Jones is entering his age-33 campaign, coming off his worst pass-rushing performance thus far. Besides his injury-marred 2020 season, the former first-rounder has never posted a sack total lower than the five he put up in 2022. Pro Football Focus confirms Jones’ career-low year, handing him the lowest pass-rushing grade of his 11-year career.
Raiders Already Found Jones’ Replacement
Another sign pointing toward Jones’ eventual departure is the team’s most recent first-round pick, Tyree Wilson. The Texas Tech standout arrives in Vegas with untapped potential as a pass rusher and traits to develop into an elite run stuffer. It feels inevitable with how much money the Raiders will save by cutting Jones.
No. 2: Hunter Renfrow (Wide Receiver)
•$5.5 million dead cap in 2024
•Releasing Renfrow saves $8.2 million in cap space for Vegas
Next up, a guy who narrowly avoided the chopping block; Hunter Renfrow. The Clemson product ranked inside the top-10 for receptions in his breakout 2021 campaign, but suffered through injuries much of the following year.
Once the Raiders brought in former Patriot wideout Jakobi Meyers — and drafted Tre Tucker — fans wondered if the moves made Renfrow expendable. According to The Athletic’s Tashan Reed, this was never in the cards. “The Raiders haven’t been shopping Renfrow and haven’t received any offers for him,” Reed said while citing league sources.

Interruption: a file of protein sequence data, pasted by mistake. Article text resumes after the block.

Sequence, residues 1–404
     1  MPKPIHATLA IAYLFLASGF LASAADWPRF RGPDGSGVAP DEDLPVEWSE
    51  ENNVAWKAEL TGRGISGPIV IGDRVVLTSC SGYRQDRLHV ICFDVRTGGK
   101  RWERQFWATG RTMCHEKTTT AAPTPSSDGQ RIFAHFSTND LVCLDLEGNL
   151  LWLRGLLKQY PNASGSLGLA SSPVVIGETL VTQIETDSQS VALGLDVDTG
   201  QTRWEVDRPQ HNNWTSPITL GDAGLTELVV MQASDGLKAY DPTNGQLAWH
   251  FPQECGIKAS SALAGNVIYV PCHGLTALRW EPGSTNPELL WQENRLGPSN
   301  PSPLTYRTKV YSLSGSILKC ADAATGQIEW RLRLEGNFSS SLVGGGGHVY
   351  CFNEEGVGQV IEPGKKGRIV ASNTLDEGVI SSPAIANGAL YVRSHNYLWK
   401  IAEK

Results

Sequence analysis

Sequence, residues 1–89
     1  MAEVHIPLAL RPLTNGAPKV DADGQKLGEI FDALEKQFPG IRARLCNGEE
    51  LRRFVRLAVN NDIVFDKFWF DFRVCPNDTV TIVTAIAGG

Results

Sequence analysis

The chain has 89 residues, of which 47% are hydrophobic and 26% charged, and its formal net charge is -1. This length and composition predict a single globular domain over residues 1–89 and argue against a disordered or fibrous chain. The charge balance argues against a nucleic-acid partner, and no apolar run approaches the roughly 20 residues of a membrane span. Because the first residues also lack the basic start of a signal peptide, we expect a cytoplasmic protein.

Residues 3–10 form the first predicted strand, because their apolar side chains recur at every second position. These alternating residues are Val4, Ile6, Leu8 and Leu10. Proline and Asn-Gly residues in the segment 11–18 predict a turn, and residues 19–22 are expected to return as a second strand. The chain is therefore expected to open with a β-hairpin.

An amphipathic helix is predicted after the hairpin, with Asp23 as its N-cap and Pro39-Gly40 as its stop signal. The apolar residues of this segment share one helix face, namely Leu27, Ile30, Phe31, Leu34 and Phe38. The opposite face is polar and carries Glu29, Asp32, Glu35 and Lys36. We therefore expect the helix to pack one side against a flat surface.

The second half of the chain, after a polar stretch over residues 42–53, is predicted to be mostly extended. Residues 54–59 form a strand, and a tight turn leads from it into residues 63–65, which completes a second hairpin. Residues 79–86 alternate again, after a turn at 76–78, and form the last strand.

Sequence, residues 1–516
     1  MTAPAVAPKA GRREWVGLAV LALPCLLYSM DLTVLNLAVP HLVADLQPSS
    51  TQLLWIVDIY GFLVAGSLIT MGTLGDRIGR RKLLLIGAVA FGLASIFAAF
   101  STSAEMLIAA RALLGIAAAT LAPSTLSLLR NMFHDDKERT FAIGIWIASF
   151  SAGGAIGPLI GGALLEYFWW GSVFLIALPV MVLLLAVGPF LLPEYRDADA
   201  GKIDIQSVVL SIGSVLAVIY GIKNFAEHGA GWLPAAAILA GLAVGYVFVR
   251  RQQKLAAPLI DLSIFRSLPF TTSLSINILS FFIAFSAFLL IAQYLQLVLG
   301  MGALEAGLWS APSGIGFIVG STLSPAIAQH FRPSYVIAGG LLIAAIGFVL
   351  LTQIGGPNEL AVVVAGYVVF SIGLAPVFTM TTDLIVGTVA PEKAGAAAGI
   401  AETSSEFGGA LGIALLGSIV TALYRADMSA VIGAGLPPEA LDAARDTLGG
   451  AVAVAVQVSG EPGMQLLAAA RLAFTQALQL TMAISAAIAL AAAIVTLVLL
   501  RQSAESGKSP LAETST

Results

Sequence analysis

Renfrow’s Time With The Raiders Is Running Thin
The 27-year-old pass catcher may be safe for the 2023 season, but what about next offseason? Compared to the current $18 million dead cap number, next year’s out in Renfrow’s contract is enticing for Vegas. The team would see more than $8 million in added resources. If he replicates the success he enjoyed in 2021, maybe the juice will be worth the squeeze next season. If not, the writing is on the wall.
No. 3: Jerry Tillery (Defensive Tackle)
•Virtually zero dead cap in 2024 ($375,000)
•Releasing Tillery saves $3.8 million in cap space for Vegas
Jerry Tillery ended the season strong with decent performances against San Francisco and Kansas City. However, the rest of the campaign was a roller coaster ride — and not one of the fun kind.